Having maximum braking power requiring least amount of finger strength is just a no brainer. And the more you brake ( like we amateurs tend to do) the bigger the benefits are via less arm pump. It's so hard for us humans to be open minded for new ideas.
  • + 1
 I think you mean frame manufacturers, not fork, have a max rotor size, and that's due to frame clearances, not brake forces. Again, even a 140 rotor can lock up a wheel under the biggest riders out there, it just takes more lever force, and in fact puts _more_ force through the caliper and mounts, because the lever arm from rotor to tire is much bigger.
  • + 2
 I remember back when I went to les gets many many years ago. Hope 6ti brakes, 40's with 225 rotor and high rise bars on my vpfree. Minions too and mallet dh pedals and an air shock. Some things come full circle.
  • + 1
 I would be totally into buying bigger thicker rotors! Hand/arm pump is one of the biggest limiting factors to riding long fast steep rough trails for me.

Anyone do the math? How much additional brake power does 220mm and 240mm offer over 203mm?
  • + 3
 Torque is a linear funktion of leverage, so the same amount as 223 is bigger than 203: about 11% stronger + more heat capacity and -transfer which is harder to calculate.
  • + 2
 Using the macdonalds system or metric?
  • + 1
 That galfer rotor looks to be just an enlarged version of already existing designs, and the brake pad height is now too small to use the whole braking surface?

Otherwise, good idea before experimenting with Shigura combinations or shelling out $$$ for a Trickstuff brake.
  • + 1
 It is all getting back to the roots. Next stop is
re-inventing V-brakes (this time oil-runned calliper surrounding the tyre) but insted of rubber we will use resin or metal discs/rim pads... in this case the disc diameter will be astonishing 29' or 27.5'
  • + 1
 Bought Clark's floating rotors as an upgrade............IDK, they look nice, but the back one often seems to be rubbing, which I thought was the whole point of floating rotors.
  • + 4
 Only a bit of real world experience with them on my end but, I think truly floating rotors, which actually have side to side play between the inner stricture and outer friction ring, are guaranteed to drag lightly somewhat frequently, but won't drag hard much at all. In contrast, non floating rotors can be set up to run drag free most of the time, but when they get really hot they can drag much harder than the equivalent floating model will.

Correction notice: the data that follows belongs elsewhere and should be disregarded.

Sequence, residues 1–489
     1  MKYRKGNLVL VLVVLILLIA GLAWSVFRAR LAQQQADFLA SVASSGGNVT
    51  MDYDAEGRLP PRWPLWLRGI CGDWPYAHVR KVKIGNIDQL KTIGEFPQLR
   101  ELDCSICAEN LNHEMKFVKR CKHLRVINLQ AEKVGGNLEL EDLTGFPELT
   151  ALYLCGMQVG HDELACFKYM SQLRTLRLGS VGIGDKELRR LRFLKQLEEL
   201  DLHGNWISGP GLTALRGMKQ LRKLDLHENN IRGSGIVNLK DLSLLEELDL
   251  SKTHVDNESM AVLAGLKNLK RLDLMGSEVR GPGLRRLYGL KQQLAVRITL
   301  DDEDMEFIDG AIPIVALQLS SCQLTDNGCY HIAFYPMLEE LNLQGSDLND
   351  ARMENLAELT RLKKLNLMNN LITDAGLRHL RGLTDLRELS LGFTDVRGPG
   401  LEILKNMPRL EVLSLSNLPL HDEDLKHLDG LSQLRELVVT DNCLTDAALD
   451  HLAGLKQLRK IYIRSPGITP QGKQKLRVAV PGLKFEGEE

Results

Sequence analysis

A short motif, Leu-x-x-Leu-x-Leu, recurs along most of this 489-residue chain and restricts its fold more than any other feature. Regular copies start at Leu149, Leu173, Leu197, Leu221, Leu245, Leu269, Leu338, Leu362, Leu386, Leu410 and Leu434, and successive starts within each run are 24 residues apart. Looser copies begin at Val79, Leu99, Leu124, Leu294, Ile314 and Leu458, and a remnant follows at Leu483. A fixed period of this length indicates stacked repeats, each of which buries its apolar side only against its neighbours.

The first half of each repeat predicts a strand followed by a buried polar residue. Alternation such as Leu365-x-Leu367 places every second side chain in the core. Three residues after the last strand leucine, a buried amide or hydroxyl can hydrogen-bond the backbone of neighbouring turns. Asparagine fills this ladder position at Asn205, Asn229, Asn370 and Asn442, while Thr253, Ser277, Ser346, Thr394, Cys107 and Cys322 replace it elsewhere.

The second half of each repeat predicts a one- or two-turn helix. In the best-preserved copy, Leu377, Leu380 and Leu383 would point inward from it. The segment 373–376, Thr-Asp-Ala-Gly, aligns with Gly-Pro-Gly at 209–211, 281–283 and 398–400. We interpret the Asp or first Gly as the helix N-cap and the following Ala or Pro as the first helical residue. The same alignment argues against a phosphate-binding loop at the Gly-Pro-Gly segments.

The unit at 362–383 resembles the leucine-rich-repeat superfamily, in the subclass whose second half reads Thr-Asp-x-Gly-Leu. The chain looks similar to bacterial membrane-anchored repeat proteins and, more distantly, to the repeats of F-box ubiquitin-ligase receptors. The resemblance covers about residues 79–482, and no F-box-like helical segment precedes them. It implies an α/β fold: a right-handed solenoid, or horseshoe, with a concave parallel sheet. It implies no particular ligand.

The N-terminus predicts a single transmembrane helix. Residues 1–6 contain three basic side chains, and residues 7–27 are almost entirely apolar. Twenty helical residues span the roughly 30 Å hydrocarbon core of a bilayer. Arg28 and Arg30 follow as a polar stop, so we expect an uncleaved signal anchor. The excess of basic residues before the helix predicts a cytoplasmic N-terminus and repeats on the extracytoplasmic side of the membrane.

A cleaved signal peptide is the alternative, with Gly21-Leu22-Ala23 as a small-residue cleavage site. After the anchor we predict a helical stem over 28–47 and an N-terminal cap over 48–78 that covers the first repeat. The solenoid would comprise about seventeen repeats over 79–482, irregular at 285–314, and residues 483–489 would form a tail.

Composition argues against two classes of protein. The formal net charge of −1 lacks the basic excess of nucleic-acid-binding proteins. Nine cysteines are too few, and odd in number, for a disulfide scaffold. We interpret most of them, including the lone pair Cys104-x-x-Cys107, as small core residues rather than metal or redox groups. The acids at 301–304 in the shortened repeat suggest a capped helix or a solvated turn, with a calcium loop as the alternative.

The situation is further complicated by some companies that make rotors that they call "floating" but which have very little play between the inner spider and outer friction ring.
  • + 2
 we need a dual rotor, quad caliper setup! 1 rotor on each side of the wheel, as well as a caliper on both the front and back of the forks for maximum braking performance
  • + 1
 There was a picture of a bike with Dual Zee calipers on the front in pb, from a cycle Show if i remember correctly.
  • + 4
 Or they could bring back the caliper, Vbrakes and call it a day!
  • + 2
 Gustav M with 210mm disc, it was in 2007 and still running... Nothing new about bigger disc, but forks ans frames, can they handle it ????
  • + 1
 All Magura forks (even the lightest XC forks) were designed to accept brake rotors up to 210mm. And that wasn't just the Gustav brake. You could use a regular rear brake IS caliper and mount it in the front with the appropriate adaptor (adaptor 16 if iirc) you could also run the 210mm rotor. Magura Louse FR was sold as such. They quit doing this when PM took over simply because most other fork manufacturers wouldn't accept 210mm rotors. 203mm was the max for most, often even smaller for XC. I wonder now whether other fork manufacturers have dropped this size limit. If the audience sees their SRAM sponsored hero run 246mm rotors on the Boxxer forks, they'll want this too. And it won't be long until other third party component manufacturers start making after market adaptors and rotors in even bigger sizes. If you've got access to a CNC machine and a laser cutter, it doesn't take much to make them bigger and thicker. "We're making the stuff that allows you and other progressive riders to push the limits of the sport. Join the revolution!" Alright, I'm progressive and all that, take my money. Helmet manufacturers will step up with even bigger chin bars.
  • + 3
 Hope has had 225 rotors and their 203 double wide vented rotors for years now.
  • + 2
 As a kid, I saw a prototype bike where the rim had a just under 26" rotor attached to it. Everything else looked tiny since...
  • + 4
 Nice innovation SRAM...*slow clap while watching squirrel eating nuts*
  • + 0
 The caliper in the first picture is horribly misaligned. Looks like maybe a 220mm rotor with a 225 mount. That combo probably isn't going to be very helpful. Especially when the pads wear enough that the parts not touching the rotor can touch each other. Then no matter how hard you squeeze, you ain't slowing down.
  • + 1